Dodd-Frank requirement looks to have little value.
Yesterday I got sucked down the rabbit hole of SEC registration documents – the lengthy questionnaires that venture capital and private equity firms are now required to file with the SEC, per Dodd-Frank. Actually, “rabbit hole” is not the right phrase here, because what Alice found on the other side was actually interesting. “Time suck” would be more appropriate.
There was tons of information, but very little of it was stuff that couldn’t be found on a basic Google search (or on a firm’s website).
In fact, the only interesting items were in the section titled “Direct Owners and Executive Officers.” That’s where we learned who really owns certain firms. For example, Greylock Partners only lists Bill Helman, David Sze, Aneel Bhusri and chief administrative officer Donald Sullivan. In other words, no Reid Hoffman, James Slaver, John Lilly, etc. Similar situation at Accel Partners, where high-profile names like Rich Wong, Kevin Efrusy and Theresa Gouw Ranzetta were missing.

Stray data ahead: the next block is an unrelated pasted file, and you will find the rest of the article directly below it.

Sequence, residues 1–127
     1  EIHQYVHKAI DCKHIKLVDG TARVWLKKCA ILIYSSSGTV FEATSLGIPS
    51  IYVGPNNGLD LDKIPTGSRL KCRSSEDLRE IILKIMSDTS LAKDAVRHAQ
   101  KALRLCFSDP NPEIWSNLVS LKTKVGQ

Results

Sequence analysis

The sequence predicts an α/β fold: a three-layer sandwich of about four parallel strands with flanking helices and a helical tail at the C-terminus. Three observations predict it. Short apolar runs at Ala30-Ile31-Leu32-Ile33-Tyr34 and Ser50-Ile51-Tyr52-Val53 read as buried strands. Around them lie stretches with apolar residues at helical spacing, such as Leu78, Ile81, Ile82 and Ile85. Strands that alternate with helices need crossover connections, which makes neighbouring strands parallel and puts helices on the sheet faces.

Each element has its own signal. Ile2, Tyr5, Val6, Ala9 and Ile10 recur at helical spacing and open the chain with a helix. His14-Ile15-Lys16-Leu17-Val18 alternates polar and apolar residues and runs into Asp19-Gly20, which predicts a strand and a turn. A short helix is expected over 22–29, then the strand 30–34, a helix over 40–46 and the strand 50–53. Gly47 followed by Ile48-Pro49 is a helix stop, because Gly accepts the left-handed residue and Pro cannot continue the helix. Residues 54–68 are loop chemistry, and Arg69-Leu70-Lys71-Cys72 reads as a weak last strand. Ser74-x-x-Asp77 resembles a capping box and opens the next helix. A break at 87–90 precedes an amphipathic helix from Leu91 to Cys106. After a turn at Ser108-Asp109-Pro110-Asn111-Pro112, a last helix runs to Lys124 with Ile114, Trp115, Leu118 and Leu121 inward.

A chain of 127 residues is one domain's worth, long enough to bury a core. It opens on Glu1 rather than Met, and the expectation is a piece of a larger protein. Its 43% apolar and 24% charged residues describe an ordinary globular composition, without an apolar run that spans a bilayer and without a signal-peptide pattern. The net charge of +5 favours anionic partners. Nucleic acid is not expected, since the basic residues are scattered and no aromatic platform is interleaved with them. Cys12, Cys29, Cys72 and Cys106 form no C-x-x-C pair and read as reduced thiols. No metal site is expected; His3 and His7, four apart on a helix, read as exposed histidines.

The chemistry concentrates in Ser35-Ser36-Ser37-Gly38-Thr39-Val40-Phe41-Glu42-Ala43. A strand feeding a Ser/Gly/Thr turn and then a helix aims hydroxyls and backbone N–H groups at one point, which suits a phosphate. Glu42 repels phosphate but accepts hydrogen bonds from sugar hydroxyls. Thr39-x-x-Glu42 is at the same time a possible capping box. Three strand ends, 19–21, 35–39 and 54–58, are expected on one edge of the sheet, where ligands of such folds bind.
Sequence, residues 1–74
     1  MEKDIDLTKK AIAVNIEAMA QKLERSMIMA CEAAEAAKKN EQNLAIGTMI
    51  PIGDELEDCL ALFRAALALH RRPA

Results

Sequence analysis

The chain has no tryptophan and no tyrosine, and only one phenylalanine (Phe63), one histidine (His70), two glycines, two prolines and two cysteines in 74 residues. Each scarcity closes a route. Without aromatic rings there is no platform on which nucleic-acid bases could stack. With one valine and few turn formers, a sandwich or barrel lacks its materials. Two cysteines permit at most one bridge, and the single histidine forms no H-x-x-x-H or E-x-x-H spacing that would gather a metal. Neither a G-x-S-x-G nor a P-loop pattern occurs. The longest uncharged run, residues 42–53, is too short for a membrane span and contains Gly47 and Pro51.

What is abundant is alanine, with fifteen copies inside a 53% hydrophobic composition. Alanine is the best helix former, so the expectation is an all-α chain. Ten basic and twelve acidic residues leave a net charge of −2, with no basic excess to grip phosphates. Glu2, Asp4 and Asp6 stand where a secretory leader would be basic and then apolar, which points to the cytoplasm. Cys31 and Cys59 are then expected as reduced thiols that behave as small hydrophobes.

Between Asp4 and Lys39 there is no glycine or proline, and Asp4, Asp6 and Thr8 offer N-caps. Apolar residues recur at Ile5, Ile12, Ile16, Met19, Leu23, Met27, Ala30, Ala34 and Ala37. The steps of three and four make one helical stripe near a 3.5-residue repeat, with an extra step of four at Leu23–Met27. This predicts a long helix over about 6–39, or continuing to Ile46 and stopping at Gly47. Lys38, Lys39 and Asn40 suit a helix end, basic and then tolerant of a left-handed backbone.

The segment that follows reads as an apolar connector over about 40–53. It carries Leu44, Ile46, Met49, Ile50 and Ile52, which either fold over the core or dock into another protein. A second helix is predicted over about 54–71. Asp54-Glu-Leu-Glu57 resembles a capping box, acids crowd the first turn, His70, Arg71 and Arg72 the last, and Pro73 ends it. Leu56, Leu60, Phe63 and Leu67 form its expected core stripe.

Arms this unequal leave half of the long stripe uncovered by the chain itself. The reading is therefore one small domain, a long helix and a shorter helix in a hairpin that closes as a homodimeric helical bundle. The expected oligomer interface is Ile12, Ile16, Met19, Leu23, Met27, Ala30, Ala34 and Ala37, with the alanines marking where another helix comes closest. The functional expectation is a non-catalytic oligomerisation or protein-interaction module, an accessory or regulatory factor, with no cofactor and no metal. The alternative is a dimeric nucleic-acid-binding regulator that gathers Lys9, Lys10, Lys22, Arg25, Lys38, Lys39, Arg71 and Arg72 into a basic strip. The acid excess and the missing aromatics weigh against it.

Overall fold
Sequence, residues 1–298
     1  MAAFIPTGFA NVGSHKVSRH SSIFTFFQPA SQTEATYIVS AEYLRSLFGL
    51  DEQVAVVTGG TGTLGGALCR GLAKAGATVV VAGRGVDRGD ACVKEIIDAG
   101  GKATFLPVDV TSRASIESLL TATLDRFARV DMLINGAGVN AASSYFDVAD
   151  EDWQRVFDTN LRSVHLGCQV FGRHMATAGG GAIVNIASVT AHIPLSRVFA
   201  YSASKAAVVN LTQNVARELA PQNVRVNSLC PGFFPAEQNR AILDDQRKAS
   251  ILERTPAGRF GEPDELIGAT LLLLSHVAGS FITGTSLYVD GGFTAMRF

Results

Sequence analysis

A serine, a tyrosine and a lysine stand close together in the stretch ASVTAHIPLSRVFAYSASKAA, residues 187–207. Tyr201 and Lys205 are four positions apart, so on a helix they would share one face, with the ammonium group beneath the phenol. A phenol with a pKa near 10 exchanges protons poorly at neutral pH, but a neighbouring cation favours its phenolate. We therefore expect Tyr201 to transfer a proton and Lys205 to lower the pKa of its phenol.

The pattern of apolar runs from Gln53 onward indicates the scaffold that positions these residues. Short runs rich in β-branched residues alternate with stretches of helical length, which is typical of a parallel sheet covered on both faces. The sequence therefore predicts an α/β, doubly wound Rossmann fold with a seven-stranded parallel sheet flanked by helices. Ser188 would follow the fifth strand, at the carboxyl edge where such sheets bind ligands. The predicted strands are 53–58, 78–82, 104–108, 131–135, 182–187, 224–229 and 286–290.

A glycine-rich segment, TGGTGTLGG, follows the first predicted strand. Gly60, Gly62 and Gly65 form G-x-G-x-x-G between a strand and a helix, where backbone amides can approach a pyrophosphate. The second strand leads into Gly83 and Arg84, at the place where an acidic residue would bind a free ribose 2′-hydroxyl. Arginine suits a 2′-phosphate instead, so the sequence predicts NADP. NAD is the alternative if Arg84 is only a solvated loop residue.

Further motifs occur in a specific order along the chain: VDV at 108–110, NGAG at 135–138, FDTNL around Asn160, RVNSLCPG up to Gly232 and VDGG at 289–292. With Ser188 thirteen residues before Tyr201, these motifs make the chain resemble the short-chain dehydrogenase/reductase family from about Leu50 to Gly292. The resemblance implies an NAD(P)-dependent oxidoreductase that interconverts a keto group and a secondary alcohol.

I was hoping for a bit of scandal in the section about civil or criminal charges against firm employees (excluding support staff), but came up empty (save for some well-known class action lawsuits involving portfolio companies).
So my general reaction to VC/PE registration is similar to my feelings before the policy actually went into effect: Much ado about very little.
Surely they are time-consuming to compile, but not terribly difficult and unlikely to disclose any sensitive proprietary information. And, in kind, there isn’t much disclosed information of value to the SEC or general public. The only exception to the latter would be if a firm finds itself in regulatory hot water, the SEC would know who to call/charge.
Let’s not speak of this again…
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